Ordinary Time, Week 7

O Lord, I trust in Your merciful love. My heart will rejoice in Your salvation. I will sing to the Lord Who has been bountiful with me. (Psalm 13:6).

Grant, we pray, almighty God,
that, always pondering spiritual things,
we may carry out in both word and deed
that which is pleasing to you.
Through our Lord Jesus Christ, Your Son,
Who lives and reigns with You
in the unity of the Holy Spirit,
one God for ever and ever. Amen.

Lord, heal my soul, for I have sinned against you.. (Psalm 41:5).

“Now some of the scribes were sitting there asking themselves, “Why does this man speak that way? He is blaspheming. Who but God alone can forgive sins?” Jesus immediately knew in his mind what they were thinking to themselves, so he said, “Why are you thinking such things in your hearts? Which is easier, to say to the paralytic, ‘Your sins are forgiven (ἀφίενταί),’ or to say, ‘Rise (ἔγειρε), pick up your mat and walk?’ But that you may know that the Son of Man has authority to forgive sins on earth” – he said to the paralytic, “I say to you, rise, pick up your mat, and go (ὕπαγε) home.” He rose (ἔγειρε), picked up his mat at once, and went away in the sight of everyone. They were all astounded and glorified God, saying, “We have never seen anything like this (Mark 2:6-12).”

What does it mean to forgive? Initially, one may wonder the point of the question. After all, everyone knows what it means to forgive, correct? When we tackle some of these essential experiences of Christianity in the classroom, I normally begin by asking – in this case – ‘has anyone not heard the term forgiveness?’ Normally, if a hand goes up, it is normally 1 or 2. The vast majority has heard the term. So I ask then, ‘what does the term mean?’ The students often are puzzled and the silence is broken by a comment, ‘I never really thought much about the meaning of forgiveness.’ Those who proffer a response general equate forgiveness with either forgetting or pretending that the hurt never occurred and somehow life moves on. At that point it is time to turn to the Sacred Text for instruction and formation in the ways of forgiveness.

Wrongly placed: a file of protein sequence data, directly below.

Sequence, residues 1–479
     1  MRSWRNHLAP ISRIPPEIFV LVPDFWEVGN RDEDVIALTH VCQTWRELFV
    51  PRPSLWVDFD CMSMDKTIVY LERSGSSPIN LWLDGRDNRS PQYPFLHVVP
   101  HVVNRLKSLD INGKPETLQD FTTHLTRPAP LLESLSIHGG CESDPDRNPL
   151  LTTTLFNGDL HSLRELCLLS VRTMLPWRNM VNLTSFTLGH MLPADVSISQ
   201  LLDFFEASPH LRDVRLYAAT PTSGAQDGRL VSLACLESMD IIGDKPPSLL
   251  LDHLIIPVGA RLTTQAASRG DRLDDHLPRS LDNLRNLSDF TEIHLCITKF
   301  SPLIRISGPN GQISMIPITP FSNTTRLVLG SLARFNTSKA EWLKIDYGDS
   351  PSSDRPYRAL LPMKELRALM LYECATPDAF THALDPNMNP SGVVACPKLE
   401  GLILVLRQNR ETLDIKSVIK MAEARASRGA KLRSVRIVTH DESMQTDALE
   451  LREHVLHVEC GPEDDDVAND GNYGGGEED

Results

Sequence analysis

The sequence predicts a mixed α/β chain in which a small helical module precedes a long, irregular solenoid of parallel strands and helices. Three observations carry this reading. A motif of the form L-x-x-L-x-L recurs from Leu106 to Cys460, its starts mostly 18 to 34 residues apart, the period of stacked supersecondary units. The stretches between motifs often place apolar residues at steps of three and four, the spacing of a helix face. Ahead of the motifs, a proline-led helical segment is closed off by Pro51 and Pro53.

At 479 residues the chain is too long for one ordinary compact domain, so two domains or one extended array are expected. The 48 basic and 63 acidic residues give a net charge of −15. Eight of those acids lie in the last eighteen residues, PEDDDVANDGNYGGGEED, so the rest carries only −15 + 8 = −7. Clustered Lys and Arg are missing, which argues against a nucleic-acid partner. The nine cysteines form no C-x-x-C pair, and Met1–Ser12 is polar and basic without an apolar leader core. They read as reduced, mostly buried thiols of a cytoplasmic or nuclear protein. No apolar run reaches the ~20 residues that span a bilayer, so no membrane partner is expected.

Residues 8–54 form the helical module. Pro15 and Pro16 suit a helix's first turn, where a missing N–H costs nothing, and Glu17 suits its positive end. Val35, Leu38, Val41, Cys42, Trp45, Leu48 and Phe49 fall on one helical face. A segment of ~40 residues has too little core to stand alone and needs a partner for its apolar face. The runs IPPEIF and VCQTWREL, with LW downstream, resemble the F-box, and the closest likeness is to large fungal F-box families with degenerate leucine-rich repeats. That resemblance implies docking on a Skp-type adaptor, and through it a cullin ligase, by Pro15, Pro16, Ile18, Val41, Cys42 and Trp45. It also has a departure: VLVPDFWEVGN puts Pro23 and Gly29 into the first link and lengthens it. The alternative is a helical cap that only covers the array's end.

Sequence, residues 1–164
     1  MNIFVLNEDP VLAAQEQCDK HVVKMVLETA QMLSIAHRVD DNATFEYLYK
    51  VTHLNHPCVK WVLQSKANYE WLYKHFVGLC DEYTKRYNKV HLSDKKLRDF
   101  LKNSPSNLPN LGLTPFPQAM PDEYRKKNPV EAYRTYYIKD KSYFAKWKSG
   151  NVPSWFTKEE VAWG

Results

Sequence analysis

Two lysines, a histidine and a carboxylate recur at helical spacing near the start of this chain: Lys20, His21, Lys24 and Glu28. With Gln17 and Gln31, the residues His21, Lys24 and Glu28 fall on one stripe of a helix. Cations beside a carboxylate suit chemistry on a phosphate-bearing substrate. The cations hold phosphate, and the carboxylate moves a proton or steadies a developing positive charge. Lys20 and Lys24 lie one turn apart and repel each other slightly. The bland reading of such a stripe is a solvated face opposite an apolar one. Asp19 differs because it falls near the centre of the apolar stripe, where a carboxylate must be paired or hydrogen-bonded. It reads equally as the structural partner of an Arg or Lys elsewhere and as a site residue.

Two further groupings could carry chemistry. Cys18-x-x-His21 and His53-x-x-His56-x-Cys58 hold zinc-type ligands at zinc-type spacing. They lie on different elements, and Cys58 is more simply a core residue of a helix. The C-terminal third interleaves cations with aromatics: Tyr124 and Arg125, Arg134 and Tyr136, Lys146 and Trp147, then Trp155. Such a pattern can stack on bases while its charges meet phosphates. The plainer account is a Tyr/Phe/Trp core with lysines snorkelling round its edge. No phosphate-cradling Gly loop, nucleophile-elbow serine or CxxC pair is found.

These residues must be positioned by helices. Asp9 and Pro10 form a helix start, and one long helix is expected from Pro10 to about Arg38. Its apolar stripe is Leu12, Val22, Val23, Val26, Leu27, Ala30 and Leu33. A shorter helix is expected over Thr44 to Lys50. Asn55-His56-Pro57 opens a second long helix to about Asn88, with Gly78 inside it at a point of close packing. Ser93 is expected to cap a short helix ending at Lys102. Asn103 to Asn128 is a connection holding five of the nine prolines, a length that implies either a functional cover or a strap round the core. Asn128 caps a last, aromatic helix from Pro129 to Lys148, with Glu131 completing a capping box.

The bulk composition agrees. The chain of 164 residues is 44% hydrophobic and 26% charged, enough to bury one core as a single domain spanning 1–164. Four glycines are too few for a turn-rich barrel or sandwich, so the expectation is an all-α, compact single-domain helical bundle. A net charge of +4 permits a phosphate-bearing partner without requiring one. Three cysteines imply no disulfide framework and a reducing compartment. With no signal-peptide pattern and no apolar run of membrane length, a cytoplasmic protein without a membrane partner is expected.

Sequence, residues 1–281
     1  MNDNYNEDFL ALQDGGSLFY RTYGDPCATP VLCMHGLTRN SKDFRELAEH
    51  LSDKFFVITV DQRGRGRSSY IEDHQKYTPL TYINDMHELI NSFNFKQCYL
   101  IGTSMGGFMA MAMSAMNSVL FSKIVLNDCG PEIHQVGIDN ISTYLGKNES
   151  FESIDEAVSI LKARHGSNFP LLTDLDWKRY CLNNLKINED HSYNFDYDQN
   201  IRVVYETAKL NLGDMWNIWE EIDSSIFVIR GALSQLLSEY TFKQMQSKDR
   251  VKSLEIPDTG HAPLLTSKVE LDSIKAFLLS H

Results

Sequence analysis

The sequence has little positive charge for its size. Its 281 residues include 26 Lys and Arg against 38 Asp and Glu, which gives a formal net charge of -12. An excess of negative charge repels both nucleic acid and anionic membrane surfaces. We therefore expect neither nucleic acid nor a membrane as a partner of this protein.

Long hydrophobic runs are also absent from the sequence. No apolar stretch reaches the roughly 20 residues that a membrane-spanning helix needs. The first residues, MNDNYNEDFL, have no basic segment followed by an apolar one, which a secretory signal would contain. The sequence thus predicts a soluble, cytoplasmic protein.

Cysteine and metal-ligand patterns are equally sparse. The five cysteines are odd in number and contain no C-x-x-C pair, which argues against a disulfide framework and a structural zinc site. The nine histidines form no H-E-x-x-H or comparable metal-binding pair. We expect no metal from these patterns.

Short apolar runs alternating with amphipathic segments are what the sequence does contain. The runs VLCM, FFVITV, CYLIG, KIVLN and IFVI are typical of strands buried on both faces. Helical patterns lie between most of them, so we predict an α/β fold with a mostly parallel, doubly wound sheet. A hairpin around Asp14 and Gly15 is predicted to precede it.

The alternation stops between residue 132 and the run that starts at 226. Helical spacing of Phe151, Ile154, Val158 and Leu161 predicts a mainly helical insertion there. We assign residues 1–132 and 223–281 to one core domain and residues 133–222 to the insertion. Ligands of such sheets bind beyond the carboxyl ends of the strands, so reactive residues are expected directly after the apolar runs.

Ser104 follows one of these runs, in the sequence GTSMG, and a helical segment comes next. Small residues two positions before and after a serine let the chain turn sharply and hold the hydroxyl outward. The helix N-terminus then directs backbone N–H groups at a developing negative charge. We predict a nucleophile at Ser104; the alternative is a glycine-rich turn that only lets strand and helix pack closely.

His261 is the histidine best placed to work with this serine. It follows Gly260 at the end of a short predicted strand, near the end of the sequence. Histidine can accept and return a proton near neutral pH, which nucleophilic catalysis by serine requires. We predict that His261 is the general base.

The Greek verb “to forgive (ἀφίημι aphíēmi)” is a word synonymous with motion often conveyed as an imperative, urgent motion. Scholars note various English translations such as “to send away,” “to send forth,” “to go” or “to hurl along” noting a common underlying action of releasing that which (or who) was bound. This suggests, implicitly, that when the word of forgiveness is pronounced, it is hurled into a condition that has diminished or ceased moving. This line of understanding is supported by the Gospel episode of this pre-Lenten Sunday who presents a man incapable of self-locomotion. Whatever has paralyzed him also has arrested his ability to move, to mention only 1 dilemma in his life. A mat supports his motionless body. Friends are his only means of travel; an image interestingly used by the Fathers of the Church as a metaphor for the Body of Christ, the Church.

ἀφίημι (aphíēmi)’s varied translation into English with an underlying sense of “to release,” suggests another facet in the discussion of motion that has halted. “To release” suggests an inability to move despite an intention or desire to do so. No doubt, the paralytic who was brought to Jesus long desired the use of his legs to walk. Yet as with so many things in life, desire is not effective. Desire, while important and certainly helpful in dealing with various maladies in life, does not cause – in and of itself – the intended action. Something else has to be done for motion to occur. This reminds me of a colleague who worked on an aircraft carrier. He told me once how he watched the jet fighters taking-off from the flight deck. The aircraft was positioned. The nose wheel was engaged to the catapult. The engines were ignited and even though they generated mind-boggling amounts of thrust in an instant, the jet did not move. Only when the catapult was fired was the jet released to be hurled forth from the deck. On its own, the fighter jet was incapable of generating enough speed to fly off the deck. Something external had to intervene for the jet to move (to fly) as it was intended.

Sin (Hebrew: hatta, “to miss the mark”) whether we are conscious of it or not causes movement in life to slow down, and at times, to stop. For the Christian, life as motion is not activity that is haphazard, self-directed or chaotic. In his Letter to the Philippians, Saint Paul saw Christian living as a continuous straining forward made possible by the attractive call and love of Jesus Christ. Sin erects barriers to that attracting love that gradually slows-down or even halts any travel to the One Who is Love. The danger of this is the fact that in the created world, if we are not moving or growing towards Someone the laws of entropy – even spiritual entropy – take over. Movement towards Love when halted becomes chaos. Within chaos there is no power for cosmos or order. All that one can do is be receptive to the pronouncement of a Creative Word: “I forgive you.” Such loving power releases one from what would otherwise be a death-spiral and enables one to be sent forth on the path of love to the One Who is Love.

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